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Gili Trawangan has a reputation as a great place to hurl yourself into either its teeming ocean or its friendly, hedonistic nightlife. It’s the biggest and most popular of Indonesia’s Gilis, three islands with white sand beaches, coconut palms and bright coral. But while ‘Gili T’ has developed rapidly in recent years, it retains a peaceful feel.
That’s partly down to its ban on motor vehicles, which helps keep the air clean and the hubbub down to a manageable level (unless you’re staying right by one of the pounding beach bars). But the restriction on vehicles puts the strain somewhere else. Everything on the island is either transported on foot or by bicycle, or by the island’s 350-odd ponies.
Ponies and carts carry everything from beer to beds, as well as acting as tourist carriages called cidomo. But while the often-perky colour schemes and harnesses might make the ponies seem cheerful, there are serious concerns for their welfare. And for every high-profile cart serving visitors, there’s a less glamorous one doing more vital work, like the rubbish ponies that toil for 10 hours a day in the blazing sun with only a single break.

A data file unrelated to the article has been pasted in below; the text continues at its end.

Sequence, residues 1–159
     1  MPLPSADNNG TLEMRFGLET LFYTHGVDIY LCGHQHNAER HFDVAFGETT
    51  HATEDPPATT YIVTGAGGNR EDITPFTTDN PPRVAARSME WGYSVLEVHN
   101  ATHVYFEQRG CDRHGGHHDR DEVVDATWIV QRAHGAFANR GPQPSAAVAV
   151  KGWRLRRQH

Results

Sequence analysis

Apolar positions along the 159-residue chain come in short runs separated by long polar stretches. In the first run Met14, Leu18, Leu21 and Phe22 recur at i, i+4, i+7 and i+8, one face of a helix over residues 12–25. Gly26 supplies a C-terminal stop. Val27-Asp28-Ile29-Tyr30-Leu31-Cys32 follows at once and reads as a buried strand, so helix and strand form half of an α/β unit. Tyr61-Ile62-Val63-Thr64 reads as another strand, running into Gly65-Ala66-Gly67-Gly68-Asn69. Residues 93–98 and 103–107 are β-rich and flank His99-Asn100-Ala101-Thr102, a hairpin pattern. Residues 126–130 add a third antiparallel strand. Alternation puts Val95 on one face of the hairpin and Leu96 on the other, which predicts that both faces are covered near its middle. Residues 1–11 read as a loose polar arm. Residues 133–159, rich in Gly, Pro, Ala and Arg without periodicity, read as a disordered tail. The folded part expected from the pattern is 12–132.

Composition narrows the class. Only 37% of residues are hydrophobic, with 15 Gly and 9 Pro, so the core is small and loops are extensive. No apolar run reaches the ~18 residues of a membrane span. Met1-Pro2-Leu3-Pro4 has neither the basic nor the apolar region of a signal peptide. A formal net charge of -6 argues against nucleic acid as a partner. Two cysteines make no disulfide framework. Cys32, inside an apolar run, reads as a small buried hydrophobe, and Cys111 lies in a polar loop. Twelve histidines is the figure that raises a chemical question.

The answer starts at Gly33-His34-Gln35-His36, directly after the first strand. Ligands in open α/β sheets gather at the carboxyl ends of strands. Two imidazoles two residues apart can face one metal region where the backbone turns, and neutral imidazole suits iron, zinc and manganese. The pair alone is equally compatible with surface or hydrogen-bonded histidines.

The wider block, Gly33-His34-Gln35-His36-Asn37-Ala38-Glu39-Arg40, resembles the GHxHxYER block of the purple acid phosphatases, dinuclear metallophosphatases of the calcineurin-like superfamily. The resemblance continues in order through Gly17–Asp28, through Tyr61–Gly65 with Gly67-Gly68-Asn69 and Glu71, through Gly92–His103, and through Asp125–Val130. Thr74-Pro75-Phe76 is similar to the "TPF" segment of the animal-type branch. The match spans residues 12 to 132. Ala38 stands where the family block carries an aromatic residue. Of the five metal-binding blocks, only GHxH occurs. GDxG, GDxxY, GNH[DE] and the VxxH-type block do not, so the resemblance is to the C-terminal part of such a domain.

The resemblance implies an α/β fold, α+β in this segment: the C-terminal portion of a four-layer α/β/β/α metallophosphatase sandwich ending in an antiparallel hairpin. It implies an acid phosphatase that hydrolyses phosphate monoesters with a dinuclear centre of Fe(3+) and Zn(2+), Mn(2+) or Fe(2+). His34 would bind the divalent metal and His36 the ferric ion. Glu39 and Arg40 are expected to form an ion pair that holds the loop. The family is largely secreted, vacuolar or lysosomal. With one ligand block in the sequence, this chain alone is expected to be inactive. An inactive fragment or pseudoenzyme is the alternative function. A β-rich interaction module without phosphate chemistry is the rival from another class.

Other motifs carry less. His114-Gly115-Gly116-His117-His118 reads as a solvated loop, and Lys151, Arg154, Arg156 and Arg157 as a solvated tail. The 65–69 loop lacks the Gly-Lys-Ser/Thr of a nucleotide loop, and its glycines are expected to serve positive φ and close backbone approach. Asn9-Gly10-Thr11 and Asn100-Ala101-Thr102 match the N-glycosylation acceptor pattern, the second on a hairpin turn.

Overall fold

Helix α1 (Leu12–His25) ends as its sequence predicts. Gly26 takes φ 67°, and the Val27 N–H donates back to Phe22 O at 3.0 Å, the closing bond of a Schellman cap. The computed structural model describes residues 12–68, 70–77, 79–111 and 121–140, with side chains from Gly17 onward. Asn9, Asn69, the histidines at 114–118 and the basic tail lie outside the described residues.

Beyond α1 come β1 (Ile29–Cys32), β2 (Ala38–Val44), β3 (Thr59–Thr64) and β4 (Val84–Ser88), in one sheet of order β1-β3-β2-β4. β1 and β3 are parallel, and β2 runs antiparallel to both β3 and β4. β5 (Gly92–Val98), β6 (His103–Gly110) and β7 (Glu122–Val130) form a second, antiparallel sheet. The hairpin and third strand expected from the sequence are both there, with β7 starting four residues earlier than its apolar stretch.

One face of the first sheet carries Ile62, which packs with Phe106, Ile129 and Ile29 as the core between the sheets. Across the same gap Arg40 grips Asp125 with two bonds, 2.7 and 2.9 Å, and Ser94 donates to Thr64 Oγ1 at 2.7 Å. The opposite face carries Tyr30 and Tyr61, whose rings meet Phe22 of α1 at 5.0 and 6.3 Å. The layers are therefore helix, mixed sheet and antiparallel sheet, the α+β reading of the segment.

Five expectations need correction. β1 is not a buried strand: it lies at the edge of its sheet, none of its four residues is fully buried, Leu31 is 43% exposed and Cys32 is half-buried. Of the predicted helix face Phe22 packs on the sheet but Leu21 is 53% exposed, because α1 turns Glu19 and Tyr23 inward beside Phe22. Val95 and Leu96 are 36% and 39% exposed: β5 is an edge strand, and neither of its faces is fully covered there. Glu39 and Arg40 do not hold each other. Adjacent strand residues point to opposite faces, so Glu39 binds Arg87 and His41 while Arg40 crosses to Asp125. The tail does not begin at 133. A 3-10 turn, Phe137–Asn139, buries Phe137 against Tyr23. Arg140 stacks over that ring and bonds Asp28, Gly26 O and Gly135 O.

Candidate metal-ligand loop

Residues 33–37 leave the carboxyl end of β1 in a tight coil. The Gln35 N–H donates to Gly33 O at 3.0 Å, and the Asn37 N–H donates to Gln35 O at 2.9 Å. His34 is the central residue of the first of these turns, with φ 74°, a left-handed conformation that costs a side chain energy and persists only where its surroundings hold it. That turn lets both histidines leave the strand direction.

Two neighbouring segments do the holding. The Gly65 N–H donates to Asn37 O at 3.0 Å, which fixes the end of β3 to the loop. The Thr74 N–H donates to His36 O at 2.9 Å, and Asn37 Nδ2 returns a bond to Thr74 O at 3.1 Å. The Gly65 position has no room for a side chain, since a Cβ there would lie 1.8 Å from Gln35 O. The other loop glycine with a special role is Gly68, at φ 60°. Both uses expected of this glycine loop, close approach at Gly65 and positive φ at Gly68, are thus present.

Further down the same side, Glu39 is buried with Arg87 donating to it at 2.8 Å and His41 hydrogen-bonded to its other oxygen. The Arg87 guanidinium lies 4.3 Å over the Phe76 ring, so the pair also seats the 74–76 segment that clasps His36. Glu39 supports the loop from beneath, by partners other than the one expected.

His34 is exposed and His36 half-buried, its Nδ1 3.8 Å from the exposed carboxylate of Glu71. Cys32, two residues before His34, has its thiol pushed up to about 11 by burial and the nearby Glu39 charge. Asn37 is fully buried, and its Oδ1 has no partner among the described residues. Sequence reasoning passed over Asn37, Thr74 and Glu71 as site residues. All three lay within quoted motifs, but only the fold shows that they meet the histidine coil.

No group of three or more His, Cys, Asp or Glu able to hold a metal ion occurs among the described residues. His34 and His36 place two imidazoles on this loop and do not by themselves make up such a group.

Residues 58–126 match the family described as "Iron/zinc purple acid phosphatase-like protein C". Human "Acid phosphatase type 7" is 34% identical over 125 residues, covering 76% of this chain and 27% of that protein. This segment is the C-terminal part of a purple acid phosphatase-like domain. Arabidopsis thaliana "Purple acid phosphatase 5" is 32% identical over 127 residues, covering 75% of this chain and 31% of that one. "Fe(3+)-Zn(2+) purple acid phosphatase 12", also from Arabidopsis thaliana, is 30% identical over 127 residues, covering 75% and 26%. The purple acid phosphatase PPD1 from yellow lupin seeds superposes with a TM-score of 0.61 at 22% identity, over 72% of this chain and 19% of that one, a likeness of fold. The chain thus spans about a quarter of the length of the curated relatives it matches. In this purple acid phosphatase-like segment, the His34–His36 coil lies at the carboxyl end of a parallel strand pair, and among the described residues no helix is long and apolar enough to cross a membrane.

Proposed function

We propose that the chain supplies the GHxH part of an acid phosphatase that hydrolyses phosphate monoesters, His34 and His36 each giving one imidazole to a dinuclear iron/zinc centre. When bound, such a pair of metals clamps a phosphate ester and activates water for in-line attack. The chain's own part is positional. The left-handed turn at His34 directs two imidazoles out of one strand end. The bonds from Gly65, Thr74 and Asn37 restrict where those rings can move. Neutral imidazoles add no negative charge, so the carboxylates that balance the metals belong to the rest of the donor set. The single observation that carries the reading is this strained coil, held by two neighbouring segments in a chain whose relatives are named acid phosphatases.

Help has come from the Horses of Gili foundation, and from Tori Taylor, the manager of Lutwala Dive on the north side of the island. Taylor is a veterinary technician, and she helps the ponies with scrapes and infections. Horses of Gili offers education on equine welfare, supplies padded bridles and vitamin supplements and has pushed a campaign to supply fresh water for the ponies, which had often only drunk salty water in the past.
Visitors can help by avoiding cidomo and by donating to the trust. Just coming to the Gilis can help the islands’ economies, as well as offering the chance to spot turtles, manta rays and underwater sculptures – or just laze on your back with a cocktail.